The roles of Inturned in mammalian lung development

Project: Research project

Project Details

Description

Project Summary Congenital Lung Malformation (CLM) is a series of rare birth defects that in the most severe case are fatal at birth. The effective prevention and early intervention of these defects require a comprehensive understanding of the mechanisms underlying the morphogenesis of the embryonic lungs. The PI found that mouse embryos mutant for the CPLANE (cilia and planar polarity effector) protein Intu exhibited severe defects in the growth and airway branching of the embryonic lungs. The PI will test the hypothesis that loss of Intu leads to severe loss of cilia formation, hence compromised cilia- dependent Hh and PDGF signaling. He will examine whether loss of Intu affects Hh and PDGF pathway outputs in vivo and the response of the lung tissue to Shh and PDGF in culture. He will also test the genetic interaction between Intu and a key regulator of Hh pathway, Gli2, in lung morphogenesis. Subsequently, He will examine the impact of Intu mutation on signaling pathways and tissue patterning in embryonic lung development through a candidate gene approach, in which known regulators of lung development will be examined. He will subsequently examine whether Intu mutation alters the proliferation and programmed cell death in lung development. Finally, the PI will take a transcriptomics approach, to compare the transcriptional profiles between wild type and Intu mutant lungs. The proposed research will reveal the roles of CPLANE proteins and cilia in embryonic lung development, and contribute to the better understanding of lung diseases such as CLM.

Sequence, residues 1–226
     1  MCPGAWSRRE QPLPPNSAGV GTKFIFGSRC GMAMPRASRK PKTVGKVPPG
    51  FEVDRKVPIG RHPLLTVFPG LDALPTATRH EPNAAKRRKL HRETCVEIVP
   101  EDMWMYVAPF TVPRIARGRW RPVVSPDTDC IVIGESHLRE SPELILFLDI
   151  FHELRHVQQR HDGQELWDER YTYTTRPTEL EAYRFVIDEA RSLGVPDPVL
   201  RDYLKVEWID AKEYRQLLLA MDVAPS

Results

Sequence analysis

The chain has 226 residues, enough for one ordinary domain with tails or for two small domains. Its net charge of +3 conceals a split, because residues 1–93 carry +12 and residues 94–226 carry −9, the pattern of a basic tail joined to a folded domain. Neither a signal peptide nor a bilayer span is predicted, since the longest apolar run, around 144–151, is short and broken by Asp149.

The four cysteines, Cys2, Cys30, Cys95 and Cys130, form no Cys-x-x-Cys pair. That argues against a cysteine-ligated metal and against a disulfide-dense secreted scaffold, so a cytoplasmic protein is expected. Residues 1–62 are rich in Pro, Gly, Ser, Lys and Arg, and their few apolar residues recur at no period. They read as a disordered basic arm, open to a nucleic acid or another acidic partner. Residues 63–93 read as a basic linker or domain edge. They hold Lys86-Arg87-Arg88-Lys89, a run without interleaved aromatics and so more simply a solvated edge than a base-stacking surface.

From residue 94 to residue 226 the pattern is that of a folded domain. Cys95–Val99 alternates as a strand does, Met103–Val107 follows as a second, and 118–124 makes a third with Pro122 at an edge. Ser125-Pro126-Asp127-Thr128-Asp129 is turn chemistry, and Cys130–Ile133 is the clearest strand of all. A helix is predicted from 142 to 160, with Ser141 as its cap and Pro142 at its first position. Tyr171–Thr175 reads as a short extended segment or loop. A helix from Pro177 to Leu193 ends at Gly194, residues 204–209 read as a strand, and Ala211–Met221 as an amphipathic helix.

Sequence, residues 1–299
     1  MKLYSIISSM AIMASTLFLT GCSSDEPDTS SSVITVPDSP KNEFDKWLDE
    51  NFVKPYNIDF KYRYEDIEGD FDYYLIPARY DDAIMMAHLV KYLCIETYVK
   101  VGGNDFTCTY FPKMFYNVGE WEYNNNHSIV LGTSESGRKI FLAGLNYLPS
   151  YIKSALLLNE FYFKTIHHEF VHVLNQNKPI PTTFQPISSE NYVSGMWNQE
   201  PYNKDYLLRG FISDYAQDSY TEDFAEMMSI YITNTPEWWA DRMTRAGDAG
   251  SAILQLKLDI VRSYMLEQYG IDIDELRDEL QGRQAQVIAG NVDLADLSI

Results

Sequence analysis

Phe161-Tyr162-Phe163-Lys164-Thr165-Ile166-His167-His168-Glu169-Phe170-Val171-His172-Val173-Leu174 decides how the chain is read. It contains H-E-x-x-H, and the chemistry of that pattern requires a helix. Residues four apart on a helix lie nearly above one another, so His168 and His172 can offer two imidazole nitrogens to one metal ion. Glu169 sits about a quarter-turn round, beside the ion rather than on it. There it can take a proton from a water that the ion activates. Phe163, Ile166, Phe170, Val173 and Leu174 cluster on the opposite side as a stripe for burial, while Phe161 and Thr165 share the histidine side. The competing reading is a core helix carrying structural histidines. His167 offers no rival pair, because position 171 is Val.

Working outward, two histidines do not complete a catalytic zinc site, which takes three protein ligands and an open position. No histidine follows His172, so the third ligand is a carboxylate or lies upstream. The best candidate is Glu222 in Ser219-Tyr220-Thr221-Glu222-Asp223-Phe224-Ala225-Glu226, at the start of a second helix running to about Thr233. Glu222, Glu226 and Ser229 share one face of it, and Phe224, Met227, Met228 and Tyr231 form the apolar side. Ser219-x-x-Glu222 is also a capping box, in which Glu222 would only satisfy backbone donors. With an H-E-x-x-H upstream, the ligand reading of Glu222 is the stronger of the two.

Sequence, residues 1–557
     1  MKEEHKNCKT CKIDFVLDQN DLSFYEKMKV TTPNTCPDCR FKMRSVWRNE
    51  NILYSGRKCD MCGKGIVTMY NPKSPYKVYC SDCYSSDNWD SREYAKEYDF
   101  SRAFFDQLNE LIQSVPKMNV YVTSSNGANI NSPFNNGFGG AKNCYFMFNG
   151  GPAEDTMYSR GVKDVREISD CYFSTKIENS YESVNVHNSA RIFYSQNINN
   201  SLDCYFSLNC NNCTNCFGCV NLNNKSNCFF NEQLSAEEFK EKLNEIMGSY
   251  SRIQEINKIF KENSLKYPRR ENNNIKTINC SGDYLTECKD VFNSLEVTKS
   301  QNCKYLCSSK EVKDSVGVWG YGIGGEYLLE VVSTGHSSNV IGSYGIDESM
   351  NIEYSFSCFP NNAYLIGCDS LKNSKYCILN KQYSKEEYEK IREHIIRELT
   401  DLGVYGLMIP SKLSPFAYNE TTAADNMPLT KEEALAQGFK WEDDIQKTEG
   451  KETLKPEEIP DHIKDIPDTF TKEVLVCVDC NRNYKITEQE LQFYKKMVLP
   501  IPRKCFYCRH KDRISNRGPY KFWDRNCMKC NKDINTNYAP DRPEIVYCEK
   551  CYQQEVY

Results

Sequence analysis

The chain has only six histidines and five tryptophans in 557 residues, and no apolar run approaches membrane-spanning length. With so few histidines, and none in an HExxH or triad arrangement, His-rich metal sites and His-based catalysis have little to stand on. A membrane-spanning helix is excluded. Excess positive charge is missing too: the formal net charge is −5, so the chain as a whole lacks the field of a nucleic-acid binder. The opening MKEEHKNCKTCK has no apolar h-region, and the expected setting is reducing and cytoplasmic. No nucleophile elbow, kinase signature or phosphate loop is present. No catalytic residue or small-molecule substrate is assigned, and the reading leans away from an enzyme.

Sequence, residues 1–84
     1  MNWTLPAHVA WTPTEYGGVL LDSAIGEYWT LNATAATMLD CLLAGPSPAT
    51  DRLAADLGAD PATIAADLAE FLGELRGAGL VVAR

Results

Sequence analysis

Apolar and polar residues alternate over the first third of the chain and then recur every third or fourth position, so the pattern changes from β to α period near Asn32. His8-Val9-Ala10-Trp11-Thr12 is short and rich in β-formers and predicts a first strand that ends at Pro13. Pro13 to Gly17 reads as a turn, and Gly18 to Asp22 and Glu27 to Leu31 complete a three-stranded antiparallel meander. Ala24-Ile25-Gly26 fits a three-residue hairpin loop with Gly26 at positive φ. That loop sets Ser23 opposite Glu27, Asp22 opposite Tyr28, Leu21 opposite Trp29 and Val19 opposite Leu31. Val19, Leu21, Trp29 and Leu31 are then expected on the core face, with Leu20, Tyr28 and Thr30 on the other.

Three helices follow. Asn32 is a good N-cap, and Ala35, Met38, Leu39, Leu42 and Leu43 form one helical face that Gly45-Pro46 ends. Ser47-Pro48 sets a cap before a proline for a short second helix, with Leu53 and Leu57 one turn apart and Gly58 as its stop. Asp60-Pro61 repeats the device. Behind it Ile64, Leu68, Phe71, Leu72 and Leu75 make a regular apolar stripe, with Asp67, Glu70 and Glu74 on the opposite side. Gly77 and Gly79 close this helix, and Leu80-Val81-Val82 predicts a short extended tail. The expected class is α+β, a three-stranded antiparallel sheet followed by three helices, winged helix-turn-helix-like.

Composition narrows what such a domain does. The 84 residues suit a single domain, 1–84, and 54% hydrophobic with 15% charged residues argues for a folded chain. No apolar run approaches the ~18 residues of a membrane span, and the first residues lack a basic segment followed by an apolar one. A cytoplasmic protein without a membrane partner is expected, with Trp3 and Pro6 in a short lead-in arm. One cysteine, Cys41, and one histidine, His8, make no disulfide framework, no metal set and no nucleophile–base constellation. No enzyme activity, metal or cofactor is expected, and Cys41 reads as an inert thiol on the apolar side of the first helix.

StatusActive
Effective start/end date4/5/213/31/22

Funding

  • Eunice Kennedy Shriver National Institute of Child Health and Human Development: $80,250.00

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